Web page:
- Family and Society
- Who is A Jew?
With all the intermarriage and lack of marriage between Jews in this generation, shouldn’t we focus our Jewish resources on making shidduchim between Hebrew men and Hebrew women rather than going out of our way to convert all these shiksas, thus diluting our historical and genetic connection to the history and land of Israel?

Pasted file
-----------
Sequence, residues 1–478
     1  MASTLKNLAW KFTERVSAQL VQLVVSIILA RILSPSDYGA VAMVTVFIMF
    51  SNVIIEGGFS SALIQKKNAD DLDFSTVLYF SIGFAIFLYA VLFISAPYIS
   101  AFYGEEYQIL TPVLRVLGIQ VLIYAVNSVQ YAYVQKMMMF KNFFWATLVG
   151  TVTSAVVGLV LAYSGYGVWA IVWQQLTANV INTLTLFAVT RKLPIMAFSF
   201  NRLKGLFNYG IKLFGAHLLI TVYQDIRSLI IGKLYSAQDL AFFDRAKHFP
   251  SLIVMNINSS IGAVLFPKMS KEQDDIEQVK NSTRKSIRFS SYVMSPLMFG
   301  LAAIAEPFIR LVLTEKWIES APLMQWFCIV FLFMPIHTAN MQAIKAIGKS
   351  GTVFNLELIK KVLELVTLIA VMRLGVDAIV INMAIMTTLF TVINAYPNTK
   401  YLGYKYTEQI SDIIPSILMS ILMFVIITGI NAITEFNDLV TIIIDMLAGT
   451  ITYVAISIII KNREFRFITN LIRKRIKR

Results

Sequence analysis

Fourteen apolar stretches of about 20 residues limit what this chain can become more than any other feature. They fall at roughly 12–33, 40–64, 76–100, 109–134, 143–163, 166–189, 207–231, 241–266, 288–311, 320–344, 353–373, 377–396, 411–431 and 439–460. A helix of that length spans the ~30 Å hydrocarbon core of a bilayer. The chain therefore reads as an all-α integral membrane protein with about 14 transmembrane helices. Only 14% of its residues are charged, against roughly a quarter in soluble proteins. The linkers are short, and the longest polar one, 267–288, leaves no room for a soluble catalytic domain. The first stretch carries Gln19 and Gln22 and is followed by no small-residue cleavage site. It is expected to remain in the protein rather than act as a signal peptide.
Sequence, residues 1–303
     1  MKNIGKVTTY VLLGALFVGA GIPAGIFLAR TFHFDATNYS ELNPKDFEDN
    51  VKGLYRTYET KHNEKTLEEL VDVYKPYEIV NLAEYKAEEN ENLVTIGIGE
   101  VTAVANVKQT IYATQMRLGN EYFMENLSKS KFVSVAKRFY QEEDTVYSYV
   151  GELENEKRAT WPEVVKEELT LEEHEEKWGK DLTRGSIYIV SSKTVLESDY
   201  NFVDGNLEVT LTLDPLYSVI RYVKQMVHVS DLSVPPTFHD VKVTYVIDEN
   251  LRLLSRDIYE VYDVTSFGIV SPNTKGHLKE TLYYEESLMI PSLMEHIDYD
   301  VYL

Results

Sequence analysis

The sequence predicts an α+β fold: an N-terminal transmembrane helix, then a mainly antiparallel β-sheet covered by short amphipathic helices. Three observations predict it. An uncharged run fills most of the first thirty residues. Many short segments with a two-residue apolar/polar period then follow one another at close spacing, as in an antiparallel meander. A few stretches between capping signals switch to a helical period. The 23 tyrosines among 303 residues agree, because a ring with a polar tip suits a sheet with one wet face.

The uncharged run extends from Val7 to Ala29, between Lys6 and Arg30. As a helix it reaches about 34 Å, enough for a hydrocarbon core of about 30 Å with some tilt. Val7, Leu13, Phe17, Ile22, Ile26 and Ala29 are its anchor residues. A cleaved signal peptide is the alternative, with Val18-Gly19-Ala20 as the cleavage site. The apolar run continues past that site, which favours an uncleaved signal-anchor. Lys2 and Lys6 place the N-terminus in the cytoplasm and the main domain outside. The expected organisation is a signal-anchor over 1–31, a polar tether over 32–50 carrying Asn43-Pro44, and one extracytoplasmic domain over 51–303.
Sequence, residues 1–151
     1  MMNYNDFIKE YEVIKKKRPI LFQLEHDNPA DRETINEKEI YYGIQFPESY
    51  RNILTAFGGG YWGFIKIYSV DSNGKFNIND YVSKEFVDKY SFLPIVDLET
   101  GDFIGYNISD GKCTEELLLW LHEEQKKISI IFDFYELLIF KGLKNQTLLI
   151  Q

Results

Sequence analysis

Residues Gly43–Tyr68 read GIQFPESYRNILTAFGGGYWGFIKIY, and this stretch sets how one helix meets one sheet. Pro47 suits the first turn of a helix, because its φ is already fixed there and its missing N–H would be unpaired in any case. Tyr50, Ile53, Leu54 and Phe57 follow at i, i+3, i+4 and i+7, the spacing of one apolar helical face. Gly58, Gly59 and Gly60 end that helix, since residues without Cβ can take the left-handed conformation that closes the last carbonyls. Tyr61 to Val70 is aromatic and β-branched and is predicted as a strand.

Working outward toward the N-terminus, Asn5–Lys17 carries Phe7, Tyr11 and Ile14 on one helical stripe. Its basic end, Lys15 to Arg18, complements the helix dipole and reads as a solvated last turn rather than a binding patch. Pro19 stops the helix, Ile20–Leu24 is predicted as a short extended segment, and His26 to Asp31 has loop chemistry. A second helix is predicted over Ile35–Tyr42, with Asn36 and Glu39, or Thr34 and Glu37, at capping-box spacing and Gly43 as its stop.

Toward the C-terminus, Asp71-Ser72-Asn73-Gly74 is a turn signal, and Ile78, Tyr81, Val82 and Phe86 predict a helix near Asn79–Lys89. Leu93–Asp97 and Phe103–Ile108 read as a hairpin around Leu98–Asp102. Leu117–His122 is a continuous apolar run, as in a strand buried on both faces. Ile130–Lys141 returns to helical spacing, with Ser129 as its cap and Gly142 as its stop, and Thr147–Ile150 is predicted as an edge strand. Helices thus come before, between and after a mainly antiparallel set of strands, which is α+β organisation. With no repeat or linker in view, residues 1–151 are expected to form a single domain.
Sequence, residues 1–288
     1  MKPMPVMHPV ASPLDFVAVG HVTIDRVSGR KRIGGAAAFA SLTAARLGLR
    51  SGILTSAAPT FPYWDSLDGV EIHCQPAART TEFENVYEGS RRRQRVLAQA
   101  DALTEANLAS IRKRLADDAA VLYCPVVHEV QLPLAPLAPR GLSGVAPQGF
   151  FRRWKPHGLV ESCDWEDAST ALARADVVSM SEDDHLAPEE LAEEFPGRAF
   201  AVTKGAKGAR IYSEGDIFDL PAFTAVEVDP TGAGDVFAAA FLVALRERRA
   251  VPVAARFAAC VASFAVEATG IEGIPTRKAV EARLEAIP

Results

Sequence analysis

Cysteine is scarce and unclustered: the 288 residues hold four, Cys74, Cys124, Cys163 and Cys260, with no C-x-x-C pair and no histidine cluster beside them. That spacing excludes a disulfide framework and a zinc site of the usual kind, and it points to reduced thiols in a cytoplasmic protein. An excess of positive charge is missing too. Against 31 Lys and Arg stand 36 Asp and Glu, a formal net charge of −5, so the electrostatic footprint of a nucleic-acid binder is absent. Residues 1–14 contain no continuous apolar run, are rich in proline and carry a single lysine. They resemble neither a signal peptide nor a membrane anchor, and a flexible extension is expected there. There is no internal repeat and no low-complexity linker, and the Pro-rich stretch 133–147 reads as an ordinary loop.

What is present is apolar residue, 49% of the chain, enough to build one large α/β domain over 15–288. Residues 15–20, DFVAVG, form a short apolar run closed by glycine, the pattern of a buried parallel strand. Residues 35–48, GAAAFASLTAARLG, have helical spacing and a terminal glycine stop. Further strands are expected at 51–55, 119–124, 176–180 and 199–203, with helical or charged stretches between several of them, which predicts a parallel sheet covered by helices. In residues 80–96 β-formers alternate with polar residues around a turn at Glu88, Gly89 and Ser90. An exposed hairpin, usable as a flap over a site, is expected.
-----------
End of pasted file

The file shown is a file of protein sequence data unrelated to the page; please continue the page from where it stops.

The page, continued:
Jewish law is extremely sensitive to the needs of our nation, but also those of the individual, so morally, we can’t reject someone who earnestly wants to be Jewish. In general, ideals are not at the expense of each-other, for there are scores of mitzvot and topics which preoccupy us, and we must do them all! How much more-so in this particularly complex generation, in the aftermath of the Holocaust, in the shadow of mass assimilation, but with the shining light of the national rebirth and ingathering of the exiles, we must busy ourselves with shiduchim, as well as conversions, and many other challenges, as well. We worked, prayed, corresponded, and protested for several decades (mainly between the years ’69-‘89תשכ"ט-תשמ"ט/) for the freedom of aliya for our 3,000,000 brothers who were in the USSR, the most assimilated exile in Jewish history, knowing very well that realistically, the only way many will come is with their non-Jewish spouses [although “miraculously”, because anti-Semites didn’t want to marry Jews, about 80% did marry Jews!]. Now that Hashem has answered our prayers, and has brought back the most assimilated galut ever, at the last moment before getting lost, we can’t just abandon them. We cannot dictate to Hashem how to redeem us, but rather must thank Him and realize that these challenges are part of the “package deal”! In addition, converts are 100% Jewish and their halachic conversion doesn’t “dilute” any genetic or historical connection whatsoever. In short, we must and can, meet all of the challenges which Hashem sends us.